Background: The sedentary root-knot nematode Meloidogyne spp. secretes effectors in a spatial and temporal manner to interfere with and mimic multiple physiological and morphological mechanisms, supporting construction and maintenance of nematodes' feeding sites. For successful parasitism, many effectors act as immunomodulators, aimed to manipulate and suppress immune defense signaling triggered upon nematode invasion. Results: Comprehensive oxylipin profiling of tomato roots, performed using LC–MS/MS, indicated a sharp fluctuation in oxylipin profile following Root Knot Nematode infection. To identify genes that might respond to the lipidomic defense pathway mediated through oxylipins, RNA-Seq was performed by exposing Meloidogyne javanica second-stage juveniles to tomato protoplasts and the oxylipin 9-HOT, early induced in tomato roots upon nematode infection. A total of 4810 differentially expressed genes were identified. To target putative effectors, we explored differentially expressed genes carrying a predicted secretion signal peptide. Among these, several were homologous with known effectors in other nematode species; other unknown, potentially secreted proteins may have a role as root-knot nematode effectors that are induced by plant lipid signals. These include effectors functioning in the manipulation of plant defense signaling and root lipidomics, cell-wall weakening, detoxifying the stressful environment at the plant-nematode interface, allowing feeding site construction and development. Conclusions: Being an integral part of the plant's defense response, oxylipins may play an important signaling role in the regulation of nematode effectors. Herein we uncover activation of specific oxylipins signaling pathways upon nematode infection, which in turn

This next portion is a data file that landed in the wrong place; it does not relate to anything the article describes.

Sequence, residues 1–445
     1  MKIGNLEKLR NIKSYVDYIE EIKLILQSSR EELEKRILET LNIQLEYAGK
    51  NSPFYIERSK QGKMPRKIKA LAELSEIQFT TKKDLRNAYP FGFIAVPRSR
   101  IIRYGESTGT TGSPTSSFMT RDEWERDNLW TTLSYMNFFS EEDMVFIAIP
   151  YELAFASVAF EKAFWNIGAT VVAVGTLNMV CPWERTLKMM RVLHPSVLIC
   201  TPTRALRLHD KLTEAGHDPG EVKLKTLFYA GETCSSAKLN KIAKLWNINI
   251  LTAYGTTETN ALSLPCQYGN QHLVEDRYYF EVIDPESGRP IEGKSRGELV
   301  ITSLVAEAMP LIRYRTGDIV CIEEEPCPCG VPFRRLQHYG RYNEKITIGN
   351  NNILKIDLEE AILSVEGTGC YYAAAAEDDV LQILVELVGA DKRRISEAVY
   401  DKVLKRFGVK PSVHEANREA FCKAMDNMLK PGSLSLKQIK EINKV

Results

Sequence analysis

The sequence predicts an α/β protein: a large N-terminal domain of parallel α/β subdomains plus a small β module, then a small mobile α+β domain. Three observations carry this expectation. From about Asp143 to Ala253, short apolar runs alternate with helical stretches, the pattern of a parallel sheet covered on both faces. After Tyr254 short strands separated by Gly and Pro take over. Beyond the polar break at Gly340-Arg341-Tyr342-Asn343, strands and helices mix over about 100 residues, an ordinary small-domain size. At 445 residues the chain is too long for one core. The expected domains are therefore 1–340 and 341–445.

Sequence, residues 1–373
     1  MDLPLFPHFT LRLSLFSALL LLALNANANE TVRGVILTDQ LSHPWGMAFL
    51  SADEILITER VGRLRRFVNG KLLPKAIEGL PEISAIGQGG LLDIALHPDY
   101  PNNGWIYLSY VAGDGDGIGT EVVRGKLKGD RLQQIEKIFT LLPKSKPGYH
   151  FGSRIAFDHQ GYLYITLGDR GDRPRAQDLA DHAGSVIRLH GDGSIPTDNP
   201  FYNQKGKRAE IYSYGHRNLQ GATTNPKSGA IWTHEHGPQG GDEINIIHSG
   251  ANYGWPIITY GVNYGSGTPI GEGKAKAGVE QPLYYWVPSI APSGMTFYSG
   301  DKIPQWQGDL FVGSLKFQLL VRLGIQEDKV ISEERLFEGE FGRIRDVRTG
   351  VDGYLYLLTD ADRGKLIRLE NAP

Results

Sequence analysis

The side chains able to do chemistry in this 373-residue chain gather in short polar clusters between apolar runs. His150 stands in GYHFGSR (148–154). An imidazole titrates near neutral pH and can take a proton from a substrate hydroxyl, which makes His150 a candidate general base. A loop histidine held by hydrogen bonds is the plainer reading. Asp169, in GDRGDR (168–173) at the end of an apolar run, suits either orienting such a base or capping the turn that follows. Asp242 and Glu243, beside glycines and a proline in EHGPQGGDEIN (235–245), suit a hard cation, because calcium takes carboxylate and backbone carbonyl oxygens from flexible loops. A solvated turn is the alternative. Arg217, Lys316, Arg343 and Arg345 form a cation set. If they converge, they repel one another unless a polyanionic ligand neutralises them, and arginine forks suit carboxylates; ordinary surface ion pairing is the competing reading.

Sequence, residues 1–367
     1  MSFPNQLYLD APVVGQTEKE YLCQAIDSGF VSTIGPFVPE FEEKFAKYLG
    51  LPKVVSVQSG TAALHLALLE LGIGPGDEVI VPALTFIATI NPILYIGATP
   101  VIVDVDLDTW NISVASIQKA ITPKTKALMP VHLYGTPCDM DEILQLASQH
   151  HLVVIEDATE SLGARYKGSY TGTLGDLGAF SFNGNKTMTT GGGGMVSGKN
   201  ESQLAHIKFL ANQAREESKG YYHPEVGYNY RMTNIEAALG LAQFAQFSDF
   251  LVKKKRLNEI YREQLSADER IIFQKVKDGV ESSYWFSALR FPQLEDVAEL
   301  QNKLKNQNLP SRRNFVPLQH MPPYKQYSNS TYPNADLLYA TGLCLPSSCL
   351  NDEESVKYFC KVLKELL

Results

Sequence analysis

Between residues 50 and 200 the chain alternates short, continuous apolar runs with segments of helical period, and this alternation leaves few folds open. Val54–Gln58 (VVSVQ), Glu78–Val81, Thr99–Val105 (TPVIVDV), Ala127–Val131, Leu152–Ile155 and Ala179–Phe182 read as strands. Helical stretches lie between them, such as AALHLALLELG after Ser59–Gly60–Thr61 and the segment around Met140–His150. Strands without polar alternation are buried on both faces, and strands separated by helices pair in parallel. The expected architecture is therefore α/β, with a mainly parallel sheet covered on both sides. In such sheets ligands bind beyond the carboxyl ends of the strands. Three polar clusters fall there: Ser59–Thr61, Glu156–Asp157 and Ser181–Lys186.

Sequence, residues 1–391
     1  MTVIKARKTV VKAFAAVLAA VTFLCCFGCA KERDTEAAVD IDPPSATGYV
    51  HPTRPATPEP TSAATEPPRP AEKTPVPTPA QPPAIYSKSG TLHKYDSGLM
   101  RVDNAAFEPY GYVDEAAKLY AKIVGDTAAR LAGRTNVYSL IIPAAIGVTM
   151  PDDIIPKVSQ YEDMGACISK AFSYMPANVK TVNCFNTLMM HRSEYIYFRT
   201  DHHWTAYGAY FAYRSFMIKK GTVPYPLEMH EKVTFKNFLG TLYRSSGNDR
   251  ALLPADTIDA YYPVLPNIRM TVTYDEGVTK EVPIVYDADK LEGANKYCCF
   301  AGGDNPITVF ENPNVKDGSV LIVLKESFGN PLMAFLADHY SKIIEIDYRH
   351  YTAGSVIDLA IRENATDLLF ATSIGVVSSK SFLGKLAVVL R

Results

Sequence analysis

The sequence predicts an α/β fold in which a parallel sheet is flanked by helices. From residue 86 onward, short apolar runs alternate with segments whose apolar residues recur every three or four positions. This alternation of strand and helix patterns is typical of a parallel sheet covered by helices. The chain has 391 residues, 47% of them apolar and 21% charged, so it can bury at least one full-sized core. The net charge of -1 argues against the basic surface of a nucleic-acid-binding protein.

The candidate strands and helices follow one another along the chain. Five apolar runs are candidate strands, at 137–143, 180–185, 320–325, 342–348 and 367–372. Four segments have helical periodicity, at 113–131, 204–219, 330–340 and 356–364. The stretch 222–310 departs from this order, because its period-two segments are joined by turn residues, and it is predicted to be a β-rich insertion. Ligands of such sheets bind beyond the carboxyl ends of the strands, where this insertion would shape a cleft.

result in reprogramming the nematode effector repertoires responsible for promotion of feeding site construction and nematode parasitism.